Jonathan Demme Jonathan Demme

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Celebrating Jonathan Demme, eclectically brilliant Academy Award winner

Remembering a cinematic master

Apr 26, 2017

Academy Award–winning director Jonathan Demme has died at age 73. The prolific American filmmaker, who worked in both features and documentaries and built his life and career in New York, got his start working with B-movie mogul Roger Corman and went on to forge an adventurous filmography over nearly five decades.

Demme was producer on the Corman-backed 1971 biker film Angels Hard as They Come. His feature directorial debut, the women-in-prison exploitation thriller Caged Heat (1974), became a cult favourite, but the filmmaker achieved his first true success with both critics and audiences in the 1980s and '90s. His acclaimed comedy-dramas Melvin and Howard (1980) and Something Wild (1986) established him as a distinct and remarkably versatile artist. Ever unpredictable, he made his feature documentary debut with the now-legendary Talking Heads concert film Stop Making Sense in 1984, and would follow up his 1987 screwball gangster comedy Married to the Mob by turning toward darker and more dramatic territory — with great success. His 1991 adaptation of Thomas Harris' novel The Silence of the Lambs won Oscars for Best Director, Best Picture, Best Adapted Screenplay, Best Actor, and Best Actress.

His range of dramas includes Philadelphia (1993), Rachel Getting Married (2008), and Ricki and The Flash, starring Meryl Streep (2015). He also made a total of 15 documentaries and, in addition to his big-screen work, delved into television over the years, from an episode of Columbo in 1978, segments for Saturday Night Live in the '80s, and episodes of The Killing in 2013 and '14.

Music was always an integral part of Demme's work, from his early days as a rock critic for the alternative Boston newspaper Fusion, through his sideline directing videos (Suburban Lawns, The Feelies, New Order, Bruce Springsteen), to his collaborations with Talking Heads, Neil Young (Neil Young: Heart of Gold, 2006), and Justin Timberlake (Justin Timberlake + The Tennessee Kids, which played TIFF '16). Said Demme: "I felt from time to time that shooting live music is the most purely cinematic thing you can do. Ideally, the cinema is becoming one with the music. There is little artifice involved. There's no acting. I love it."

Last year, during the premiere of his final film Justin Timberlake + the Tennessee Kids, Demme shared unique insights into the filmmaking process and his long and storied career with TIFF. See highlights from his visit below.

While he was on stage presenting Justin Timberlake + the Tennessee Kids, Demme told Cameron Bailey about one of the central lessons he took from his time working with Roger Corman:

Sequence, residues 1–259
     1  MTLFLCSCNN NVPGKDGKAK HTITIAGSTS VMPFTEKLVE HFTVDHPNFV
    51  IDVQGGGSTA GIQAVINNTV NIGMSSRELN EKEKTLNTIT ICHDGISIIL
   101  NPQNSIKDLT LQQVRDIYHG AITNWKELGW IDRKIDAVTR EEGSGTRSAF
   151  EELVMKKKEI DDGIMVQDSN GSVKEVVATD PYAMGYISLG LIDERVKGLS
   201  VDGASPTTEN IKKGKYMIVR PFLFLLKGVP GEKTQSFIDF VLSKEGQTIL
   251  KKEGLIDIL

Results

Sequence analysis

"Corman sits you down when you're going to direct for him and says, 'when you're shooting scenes, keep in mind that the most important organ for filmgoing is the human eyeball, and you've gotta keep the eye alive, and keep the eye engaged."

Check out the full lesson above.


In 2016, Jonathan Demme sat down for a conversation on TIFF podcast's Well, Nobody's Perfect. Listen above (starting at the 10:50 mark) as Demme discusses the art of the concert film, bringing a documentary approach to narrative filmmaking, and the making of Justin Timberlake + The Tennessee Kids.

The Art of Performance: A Conversation with Jonathan Demme

Demme also sat down for an in-depth conversation about filming musical performances on screen. In the video above, he discusses his approaches to capturing music and his painstaking process of finding the right cinematic style to reflect different performers.


Pure Nonfiction: Jonathan Demme's Real-Life Characters

Demme was also a guest on Thom Powers's Pure Nonfiction podcast. In this episode, he discussed his work in documentary, including Swimming to Cambodia, the breakthrough monologue by Spalding Gray; Cousin Bobby about the Harlem-based Episcopalian priest Robert Castle; The Agronomist about the Haitian radio journalist Jean Dominique; Jimmy Carter: Man From Plains about the former President touring for a controversial book on Palestine; and I’m Carolyn Parker about an activist resident of New Orleans’ Lower Ninth Ward. Demme also reflects on why people of religious faith frequently come up in his work and how he faced a battle with cancer.

Demme's onstage conversation at TIFF '16 also became an episode of the show, which can be streamed below:

Piers Handling, TIFF Director and CEO, remembers Jonathan Demme

I first met Jonathan at a party in Rio de Janiero in the late '80s. I sidled up to a group of people standing around a smallish pool in a backyard and a toke was passed to me — by Jonathan Demme!

He was a cool guy. I had never met him before. Such a regular guy. Down-to-earth. Straightfoward. Soft-spoken. Genuine. Such a terrific filmmaker, and he came to the festival with wonderful films over the subsequent years in Toronto. He had zero attitude and was one of the nicest, open, generous, and supportive people I have ever met. No wonder people adored him and wanted to work with him.

His quiet energy was contagious. We were so grateful when Rachel Getting Married played the Festival. I remember him being so excited in the Green Room, thanking us for showing his "tiny, little, semi-experimental" film. He will be missed as one of the most original and authentic voices of his generation. RIP Jonathan.

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